A Powerful Key Turn Date at the end of March
No market exists in splendid isolation. When any market moves, it impacts other markets – to some degree. When several markets reverse direction simultaneously, I call that a Key Turn Date (KTD) and see that as a powerful market signal. The power of the “signal” increases with the size of the markets that turn and the “drama” of the turn – a “V” shaped turn being more powerful than a “U” shaped turn.
The bond market and the currency market each registered a powerful KTD at the end of March/beginning of April.
The commodity market and gold also turned higher on the KTD, and have continued higher.
The stock market broke out to new All-Time Highs on the KTD, and continued higher.
Bond prices had a strong negative correlation with the US Dollar YTD – is that ending?
Bonds broke sharply lower the first week of January as the USD bounced from 30-month lows. For the next three months, until the KTD at the end of March, bonds trended lower, while the USD trended higher. Following the KTD, bonds have trended higher, and the Dollar has trended lower – until three weeks ago – since then, bonds have accelerated their rally, but the USD has turned higher. Is the tight Dollar/Bond correlation breaking down? What’s the trade?
What’s driving the bond rally from the March lows?
Bond prices fell like a stone from January through March. Money manager surveys during that period showed high expectations of 10-year yields above 2% by Q4 2021. Expectations were for massive fiscal stimulus from the Biden administration. Inflation expectations were high – so high that Old School thinking (hopes) was that the Fed would cave on their promise to maintain an ultra-easy monetary policy. The stock market was surging with huge capital inflows. The consensus thinking was that the economy wasn’t just recovering from a recession; it was beginning a whole new expansion. As a result, the Bond Vigilantes were short Treasuries in size.
But then the Biden honeymoon started to fade. His chances of getting massive spending programs through Congress looked slim. The inflation narrative started to shift towards “transitory,” and maybe the Fed was right, after all. Bond auctions were well bid. US yields looked pretty good relative to the rest of the world. The market shook off the highest CPI number in years on Thursday and had its best weekly gain in a year. Shorts were throwing in the towel.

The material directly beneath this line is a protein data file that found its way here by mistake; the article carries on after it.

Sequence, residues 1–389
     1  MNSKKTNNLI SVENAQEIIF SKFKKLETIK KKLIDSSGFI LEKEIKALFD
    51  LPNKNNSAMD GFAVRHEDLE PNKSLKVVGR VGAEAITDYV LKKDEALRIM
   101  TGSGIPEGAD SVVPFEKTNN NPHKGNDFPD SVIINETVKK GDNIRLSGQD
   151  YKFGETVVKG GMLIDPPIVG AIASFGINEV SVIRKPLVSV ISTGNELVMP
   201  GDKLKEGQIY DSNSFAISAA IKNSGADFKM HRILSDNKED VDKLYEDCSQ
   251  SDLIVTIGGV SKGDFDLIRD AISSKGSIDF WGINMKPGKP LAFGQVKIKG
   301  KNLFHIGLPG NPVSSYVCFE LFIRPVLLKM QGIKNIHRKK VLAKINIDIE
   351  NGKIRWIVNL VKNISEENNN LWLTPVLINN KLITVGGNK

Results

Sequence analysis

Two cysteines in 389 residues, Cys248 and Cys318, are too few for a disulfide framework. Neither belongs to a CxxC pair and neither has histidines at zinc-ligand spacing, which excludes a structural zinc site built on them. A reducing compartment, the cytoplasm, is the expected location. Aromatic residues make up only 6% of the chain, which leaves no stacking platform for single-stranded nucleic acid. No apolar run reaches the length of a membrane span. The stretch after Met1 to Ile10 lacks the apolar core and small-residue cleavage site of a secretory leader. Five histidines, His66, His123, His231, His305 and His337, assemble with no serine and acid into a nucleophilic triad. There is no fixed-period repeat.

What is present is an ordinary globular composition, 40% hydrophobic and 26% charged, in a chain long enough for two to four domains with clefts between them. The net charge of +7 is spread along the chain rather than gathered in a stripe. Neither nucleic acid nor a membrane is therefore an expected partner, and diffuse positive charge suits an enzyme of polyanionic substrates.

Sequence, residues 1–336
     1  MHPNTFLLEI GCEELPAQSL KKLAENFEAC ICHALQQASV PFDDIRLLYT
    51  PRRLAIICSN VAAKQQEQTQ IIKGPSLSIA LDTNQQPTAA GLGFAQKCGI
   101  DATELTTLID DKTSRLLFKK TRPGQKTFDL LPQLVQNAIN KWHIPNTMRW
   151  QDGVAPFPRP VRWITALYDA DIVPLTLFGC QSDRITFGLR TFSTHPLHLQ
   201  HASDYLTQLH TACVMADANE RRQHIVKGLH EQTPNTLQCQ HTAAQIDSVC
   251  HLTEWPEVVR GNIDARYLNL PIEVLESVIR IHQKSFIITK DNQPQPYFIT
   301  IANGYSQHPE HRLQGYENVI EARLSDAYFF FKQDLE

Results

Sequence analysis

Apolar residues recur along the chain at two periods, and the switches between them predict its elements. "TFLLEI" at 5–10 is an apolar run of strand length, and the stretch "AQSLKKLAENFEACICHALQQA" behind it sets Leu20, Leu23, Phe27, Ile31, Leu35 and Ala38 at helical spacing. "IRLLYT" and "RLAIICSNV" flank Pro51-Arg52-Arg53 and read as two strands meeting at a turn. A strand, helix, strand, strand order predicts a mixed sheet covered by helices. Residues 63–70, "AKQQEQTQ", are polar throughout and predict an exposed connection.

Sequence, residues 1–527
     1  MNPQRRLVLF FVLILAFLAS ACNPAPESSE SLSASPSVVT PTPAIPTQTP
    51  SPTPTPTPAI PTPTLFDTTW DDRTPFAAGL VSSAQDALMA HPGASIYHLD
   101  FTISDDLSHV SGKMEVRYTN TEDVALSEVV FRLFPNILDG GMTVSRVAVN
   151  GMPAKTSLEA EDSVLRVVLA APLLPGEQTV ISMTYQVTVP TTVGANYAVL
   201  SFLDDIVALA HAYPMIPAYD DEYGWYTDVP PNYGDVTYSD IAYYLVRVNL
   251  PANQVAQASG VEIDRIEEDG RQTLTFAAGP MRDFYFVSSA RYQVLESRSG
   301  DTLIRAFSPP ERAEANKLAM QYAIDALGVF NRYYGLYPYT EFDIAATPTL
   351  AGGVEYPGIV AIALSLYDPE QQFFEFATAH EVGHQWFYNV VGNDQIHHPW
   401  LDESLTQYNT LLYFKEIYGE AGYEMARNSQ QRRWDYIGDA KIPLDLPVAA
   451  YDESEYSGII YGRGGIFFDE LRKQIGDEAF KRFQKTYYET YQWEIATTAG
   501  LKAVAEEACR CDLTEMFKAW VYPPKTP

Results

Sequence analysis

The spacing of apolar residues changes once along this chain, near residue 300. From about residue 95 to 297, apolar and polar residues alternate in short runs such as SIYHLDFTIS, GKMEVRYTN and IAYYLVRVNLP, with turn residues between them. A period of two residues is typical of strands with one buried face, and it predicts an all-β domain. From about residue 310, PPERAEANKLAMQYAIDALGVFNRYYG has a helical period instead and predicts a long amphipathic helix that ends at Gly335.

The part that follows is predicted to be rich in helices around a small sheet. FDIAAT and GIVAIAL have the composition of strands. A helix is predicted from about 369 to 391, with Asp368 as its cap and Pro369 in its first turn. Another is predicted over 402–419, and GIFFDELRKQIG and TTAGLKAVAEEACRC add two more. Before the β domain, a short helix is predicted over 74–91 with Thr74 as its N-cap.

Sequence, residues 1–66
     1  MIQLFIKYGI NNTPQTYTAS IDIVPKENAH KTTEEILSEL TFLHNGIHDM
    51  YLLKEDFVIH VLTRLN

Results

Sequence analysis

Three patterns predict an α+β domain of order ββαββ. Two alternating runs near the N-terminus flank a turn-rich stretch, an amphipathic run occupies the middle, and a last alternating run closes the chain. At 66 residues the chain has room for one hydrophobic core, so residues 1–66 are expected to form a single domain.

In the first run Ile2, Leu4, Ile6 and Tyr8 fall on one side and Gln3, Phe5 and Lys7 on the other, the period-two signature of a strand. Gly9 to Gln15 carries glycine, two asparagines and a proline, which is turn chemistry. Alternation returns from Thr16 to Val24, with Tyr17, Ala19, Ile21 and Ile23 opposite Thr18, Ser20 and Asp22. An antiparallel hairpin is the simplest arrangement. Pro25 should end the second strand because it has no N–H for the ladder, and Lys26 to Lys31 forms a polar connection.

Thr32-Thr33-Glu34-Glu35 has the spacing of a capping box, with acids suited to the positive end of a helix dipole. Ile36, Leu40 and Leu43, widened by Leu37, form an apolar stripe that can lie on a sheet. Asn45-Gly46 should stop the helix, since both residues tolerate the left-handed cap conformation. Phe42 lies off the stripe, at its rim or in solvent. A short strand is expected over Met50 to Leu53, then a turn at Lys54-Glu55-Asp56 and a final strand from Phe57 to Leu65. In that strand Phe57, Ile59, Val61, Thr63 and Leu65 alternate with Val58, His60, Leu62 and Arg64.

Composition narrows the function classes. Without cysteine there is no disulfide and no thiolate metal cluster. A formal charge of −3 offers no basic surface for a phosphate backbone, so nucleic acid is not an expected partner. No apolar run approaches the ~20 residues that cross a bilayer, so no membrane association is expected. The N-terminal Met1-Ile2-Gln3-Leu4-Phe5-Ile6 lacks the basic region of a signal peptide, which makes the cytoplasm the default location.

The bond bears might argue that the market has only bounced back about 30% of the decline from last summer’s high – just a little dead cat bounce.
Transitory – or not?
Many very bright, veteran market observers have absolutely opposite views on whether or not inflation will be transitory – or will become a serious problem. Mervyn King, Governor of the BOE from 2003 to 2013, has written a brief letter telling us that massive monetary and fiscal stimulus will be an inflationary problem and that political pressures (and other issues) have weakened Central Bank independence and, as a result, they will be slow to respond to signs of higher inflation. I’m sympathetic to his Old School views, but he might be wrong.
I remember writing in late 2018 that we had a “New Fed” under Chairman Powell. I expected that he wasn’t going to be an “easy money” guy like Bernanke and Yellen (remember his ” long way from neutral” remark.) But I was proved wrong. He changed his tune when the stock market sold off hard in the fall of 2018.
It looks like we now have a “New New Fed,” which won’t be hiking in response to developments that would have had the “Old Fed” (of Mervyn King’s era) slamming on the brakes.
I expect that the New New Fed will choose to be behind the curve if/when/as inflation heats up – unless the inflation shows up as sharply rising wages. If the Fed is late to act, they may have to take strong action quickly, which could shock markets.
The Canadian Dollar
The CAD rallied from 68 cents in March 2020 to a 6-year high at 83 cents – its strongest 15-month rally since early 2009. The CAD rally has been highly correlated with the strength of commodities and stocks and the USD’s weakness. As a result, net speculative positioning in the futures market has become very bullish on the CAD. I believe speculators are long the CAD as a play on the commodities market. (Multi-year correlations between the CAD and the CRB are very tight.)